June 29, 2015
(pineapple beef kebabs – we prepped the veggies, beef and marinade at cooking club, and assembled into kebabs and marinated when we were ready to cook)
A few weeks ago, I helped the owner of my beloved boot camp, Happy Hour Fit Club, come up with a multi-dimensional meal plan for a new concept she wanted to get off the ground. She had toyed around with various meal plans before, including having participants swap recipes and even doing a few successful salad swaps, where ladies would prep big batches of their favorite salads to swap with others. But she wanted something new, which would hit a few goals including distribution of healthy meals, camaraderie and community, and of course making life easier for those participating. She came up with the Happy Hour Cooking Club.
The final concept reminds me a bit of Dream Dinners, but put a bit more power in the hands of the participants. Here’s a breakdown of how it works:
- Groups of 3-4 participants are placed together to make up their own cooking club.
- Each week a new leader is designated, and the leader is responsible for choosing the meals (with feedback from her group members of course), doing the grocery shopping for all members of her group, and hosting the group at her home to prep the week’s meals. Participants divide up the cost of groceries and of course pay back the leader that week.
- The members get together at the host’s home and prep at least 2-3 meals for the week ahead.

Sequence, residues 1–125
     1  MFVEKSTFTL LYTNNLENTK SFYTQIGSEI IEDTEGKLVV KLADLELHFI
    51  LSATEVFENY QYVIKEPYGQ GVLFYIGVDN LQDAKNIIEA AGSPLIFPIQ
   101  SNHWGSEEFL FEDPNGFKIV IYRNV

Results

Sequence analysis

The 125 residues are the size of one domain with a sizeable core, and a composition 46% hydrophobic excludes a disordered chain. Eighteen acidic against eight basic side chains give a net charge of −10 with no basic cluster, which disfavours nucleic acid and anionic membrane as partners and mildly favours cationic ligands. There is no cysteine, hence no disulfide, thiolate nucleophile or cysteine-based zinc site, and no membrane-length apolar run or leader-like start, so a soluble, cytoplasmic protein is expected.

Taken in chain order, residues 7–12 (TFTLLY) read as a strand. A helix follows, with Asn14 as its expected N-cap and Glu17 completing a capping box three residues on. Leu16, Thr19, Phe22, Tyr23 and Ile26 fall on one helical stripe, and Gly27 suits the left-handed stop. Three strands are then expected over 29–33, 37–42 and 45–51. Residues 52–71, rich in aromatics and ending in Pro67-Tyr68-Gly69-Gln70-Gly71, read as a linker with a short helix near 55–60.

- Prep work involves chopping and dicing, and browning/braising meats where applicable. All members stay to help the host clean up the kitchen
- Emphasis for our cooking club was on healthy meals, which were also family-friendly.
Each week’s cooking sessions lasted about 2.5 hours from start to finish, which when you think about it doesn’t save you a ton of time in the “meal prep” department, but it saves the mental energy that goes in to trying to figure out what to cook each night, and eliminates dinner-time stress. Since we’ve only been doing this for a month, I can’t say we wouldn’t get more efficient as time went on, but since the main objective wasn’t to save time, but to make access to healthy meals more achievable, I say we won big time.
A few words about choosing the meals, because it can be tricky. I volunteered to help develop the meal plan options because I have access to so many great, health-conscious cookbooks, and through all my research and writing, I’ve got a good grasp on truly healthy meals, versus those disguised as such. A challenge from previous healthy recipe swaps was that some would submit recipes that were for instance, low in calories, but quite high in processed foods like “lite” dressings as marinades and “corn flake” crusted cuts of meat, which were “gluten free” but still full of questionable ingredients. The objective therefore wasn’t necessarily low-calorie, but nutrient rich whole foods free of processed ingredients.
(cooking club ideas I distributed each week. Notes on ingredients and make-ahead prep tips included to make things a bit easier, but not necessary)